The SPring-8 Center is home to the SPring-8 synchrotron radiation facility, which is able to generate synchrotron radiation with world-leading performance. Research at the Center focuses on this radiation, using it to explore physical chemistry, the structural analysis of carbohydrates, and diverse other areas. SPring-8 is available for shared use; any institute or university can apply to make use of the facility alongside RIKEN researchers. This open-door policy has allowed RIKEN to contribute to many pioneering discoveries in many fields. One prominent example is the identification of the pentaquark; experimentation carried out at SPring-8 was an important contributing factor in the development of the pentaquark hypothesis.
Today, the central role of genetic difference in disease susceptibility has come to be widely recognized. The Center for Genomic Medicine at RIKEN is dedicated to research and development that exploits the achievements of the Human Genome Project, which was completed in 2003 and mapped all genes in human DNA, by applying this new knowledge to the development of treatments for disease. Particularly outstanding among Center achievements thus far is its world-leading success in developing the Genome Wide Association Study (GWAS), a methodology for the comprehensive assessment of genes related to multifactorial disease and drug reactivity. This achievement is being applied to further research into the development of personalized medicine, where the most appropriate treatment can be selected on the basis of the genetic characteristics of individuals.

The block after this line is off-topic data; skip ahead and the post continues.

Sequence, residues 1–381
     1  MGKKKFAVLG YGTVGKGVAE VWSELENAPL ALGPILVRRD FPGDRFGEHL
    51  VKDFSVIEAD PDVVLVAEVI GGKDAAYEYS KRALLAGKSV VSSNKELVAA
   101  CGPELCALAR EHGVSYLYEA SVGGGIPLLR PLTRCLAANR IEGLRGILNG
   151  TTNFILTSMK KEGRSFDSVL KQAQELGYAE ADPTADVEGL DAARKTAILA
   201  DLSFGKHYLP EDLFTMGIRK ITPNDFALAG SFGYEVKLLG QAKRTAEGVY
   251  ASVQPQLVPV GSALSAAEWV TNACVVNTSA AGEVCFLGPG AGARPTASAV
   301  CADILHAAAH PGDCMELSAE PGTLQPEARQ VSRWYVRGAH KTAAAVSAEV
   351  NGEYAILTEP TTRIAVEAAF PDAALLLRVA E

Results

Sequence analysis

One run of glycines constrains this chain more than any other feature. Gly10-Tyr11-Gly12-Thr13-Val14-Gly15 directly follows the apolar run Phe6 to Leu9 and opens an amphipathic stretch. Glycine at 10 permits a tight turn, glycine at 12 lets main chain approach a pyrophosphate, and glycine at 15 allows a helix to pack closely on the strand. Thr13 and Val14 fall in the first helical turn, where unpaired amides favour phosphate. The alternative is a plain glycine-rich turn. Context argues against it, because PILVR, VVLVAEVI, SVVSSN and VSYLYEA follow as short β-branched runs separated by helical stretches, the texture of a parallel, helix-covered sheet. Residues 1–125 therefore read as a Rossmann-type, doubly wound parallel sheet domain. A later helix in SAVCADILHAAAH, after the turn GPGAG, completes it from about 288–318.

RIKEN has traditionally been proactive in linking its research findings directly with industry, creating commercial products with wide social application. To this end, RIKEN has developed a unique system, the RIKEN Venture system, which allows RIKEN researchers to launch venture companies based on core technology developed through RIKEN research. Many RIKEN venture companies subsequently become independent from RIKEN, and many now hold leading positions in various industries.
RIKEN is also committed to strong international collaboration. Measures in place include programs with leading universities in Asia and Europe where researchers are offered positions at RIKEN. RIKEN also has several overseas facilities, and runs collaborative programs with universities and institutes around the globe. This allows RIKEN to conduct its research on a global basis, involving the very best researchers from around the world.
Written on Dec 8, 2010. Corrected on Oct 28, 2011.
About the author
Eriko Kinashi is a reporter for Japanest NIPPON